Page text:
And in 1951, it dawned on Clyde E. Palmer and his son-in-law Walter E. Hussman that there was something to this thing called TV. Palmer and Hussman’s radio station in Texarkana, they decided, needed to make a major technological advancement: the move from radio to television. But they soon learned that KCMC-TV could not survive economically while serving a large area with few viewers, so they requested that the FCC grant them the needed authority to move KCMC’s transmitter to a taller tower near Vivian, Louisiana. Suddenly the station had the second-tallest transmission tower in the south and viewers in both Shreveport and Texarkana metro areas.

“We put a TV station (KCMC-TV) on the air in 1952,” said Walter Hussman in Beacons in the Darkness: Hope and Transformation Among America’s Community Newspapers by Dave Hoekstra.

By 1962, 10 years after KCMC turned the call sign letters from a radio station into a television station, the space age had begun and the first satellite was orbiting the Earth. In 1963, MLK’s I Have a Dream speech reached across the nation through radio and television. It was the dawning of a much more informed world. Those who could not read could see or hear the news and other programming. Those who lived too far away from newspaper headquarters to subscribe were now able to tune in to the news that people in the city were seeing and/or hearing.

Fifty-six years after the second tallest tower in the south was built for his television station, Walter Hussman was named Publisher of the Year by Editor & Publisher magazine. He joined the board of directors of the Associated Press in 2000, and the board of directors of C-SPAN in 1995.

But Hussman was here at KTAL when the station became the first in the Texarkana-Shreveport market to add color broadcasts. He had lived through the transition from newspapers to radio to television to color TV, and now he is also recognized as a brilliant mind in digital news.

In Hoekstra’s book, Hussman spoke of lessons he learned from television.

KCMC television camera. Image: The Northwest Louisiana Archives at LSUS, Noel Memorial Library

“I’ve been doing this for almost fifty years now. One thing I’ve learned is to not give up. I just hate seeing all the family-owned newspapers in America give up. I’m not saying this in a critical way. I can’t blame them. Maybe they’ve made a better financial decision than I’ve made… I’m really concerned we’re going to lose family journalism in America. We have to find some solution. If we don’t, we’re going to go down trying.”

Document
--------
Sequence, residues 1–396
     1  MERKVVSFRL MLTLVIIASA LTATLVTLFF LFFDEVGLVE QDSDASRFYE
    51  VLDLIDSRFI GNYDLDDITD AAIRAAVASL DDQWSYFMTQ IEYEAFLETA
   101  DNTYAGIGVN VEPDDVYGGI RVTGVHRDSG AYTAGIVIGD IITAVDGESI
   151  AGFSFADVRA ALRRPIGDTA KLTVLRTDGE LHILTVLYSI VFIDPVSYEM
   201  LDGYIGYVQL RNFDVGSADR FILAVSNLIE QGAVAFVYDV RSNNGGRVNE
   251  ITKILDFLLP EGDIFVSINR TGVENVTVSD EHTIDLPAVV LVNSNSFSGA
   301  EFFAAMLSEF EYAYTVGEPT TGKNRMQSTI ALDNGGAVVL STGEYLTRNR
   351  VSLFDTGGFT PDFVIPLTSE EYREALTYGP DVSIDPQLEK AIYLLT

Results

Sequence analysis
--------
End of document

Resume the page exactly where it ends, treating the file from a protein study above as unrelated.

The Hussmans sold KTAL in 2000.

KTAL (Channel 6) is still the only television station in Texarkana, Texas.

We’ve come a long way from the days when the callsign belonged to the radio station of Camden News Publishings. KTAL once lived at 740 AM, but the great move from audio-only radio to the audio-visual reality of television, plus the eventual addition of color to the mix, transformed the way people in eastern Texas, southwest Arkansas, and northwest Louisiana consumed their news.

It also changed the social lives of those in the ArkLaTex.

From home, while generations have watched or listened to KCMC/KTAL, the way radios and television sets evolved with the passage of time became noticeable. But the changes in technology have been even more dramatic for those who work (and once worked) for KTAL NBC 6 NEWS.

Transmission tower builds, the shift from black and white to color cameras, bunny ears to cable and satellites, live reporting, film to digital photographs and videos, AM to FM radios, ever-changing font, and logo styles, and the invention of the internet where our KTAL home page resides—this is but a little of the technology required for the progress KTAL made in the past 70 years.

When KTAL shifted from radio to television, so did the community. When we added color, viewers adapted by buying color TVs. And now as we face a new transition—that of digital media—we must face forward as reporters, producers, camera operators, and purveyors of the news.

Albert Einstein once said that the measure of intelligence is the ability to change.

Because of humanity the world, as we know, is ever-changing, but excellence in communication is not a given. KTAL will continue to work hard to share stories, ideas, and even the blank spaces between words that our viewers and readers need. And no matter what technology is new and pressing next week, next year, or in the next millennia, we understand that the human desire to be informed is far older than the ages of digital news, color television, and radio combined.

Transmission out.